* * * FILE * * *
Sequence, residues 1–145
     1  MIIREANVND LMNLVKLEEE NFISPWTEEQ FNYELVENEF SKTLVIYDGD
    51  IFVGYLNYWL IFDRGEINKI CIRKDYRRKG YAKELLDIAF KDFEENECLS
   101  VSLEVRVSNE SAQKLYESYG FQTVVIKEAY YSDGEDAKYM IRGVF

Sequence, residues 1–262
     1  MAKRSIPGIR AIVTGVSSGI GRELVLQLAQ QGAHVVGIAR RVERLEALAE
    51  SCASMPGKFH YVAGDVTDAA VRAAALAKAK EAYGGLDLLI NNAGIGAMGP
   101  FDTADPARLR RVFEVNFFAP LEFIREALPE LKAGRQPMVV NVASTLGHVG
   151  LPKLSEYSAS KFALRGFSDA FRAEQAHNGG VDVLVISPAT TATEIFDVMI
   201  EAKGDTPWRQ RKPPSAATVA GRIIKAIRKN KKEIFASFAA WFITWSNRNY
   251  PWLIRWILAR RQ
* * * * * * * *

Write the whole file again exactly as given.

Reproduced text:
Sequence, residues 1–145
     1  MIIREANVND LMNLVKLEEE NFISPWTEEQ FNYELVENEF SKTLVIYDGD
    51  IFVGYLNYWL IFDRGEINKI CIRKDYRRKG YAKELLDIAF KDFEENECLS
   101  VSLEVRVSNE SAQKLYESYG FQTVVIKEAY YSDGEDAKYM IRGVF

Sequence, residues 1–262
     1  MAKRSIPGIR AIVTGVSSGI GRELVLQLAQ QGAHVVGIAR RVERLEALAE
    51  SCASMPGKFH YVAGDVTDAA VRAAALAKAK EAYGGLDLLI NNAGIGAMGP
   101  FDTADPARLR RVFEVNFFAP LEFIREALPE LKAGRQPMVV NVASTLGHVG
   151  LPKLSEYSAS KFALRGFSDA FRAEQAHNGG VDVLVISPAT TATEIFDVMI
   201  EAKGDTPWRQ RKPPSAATVA GRIIKAIRKN KKEIFASFAA WFITWSNRNY
   251  PWLIRWILAR RQ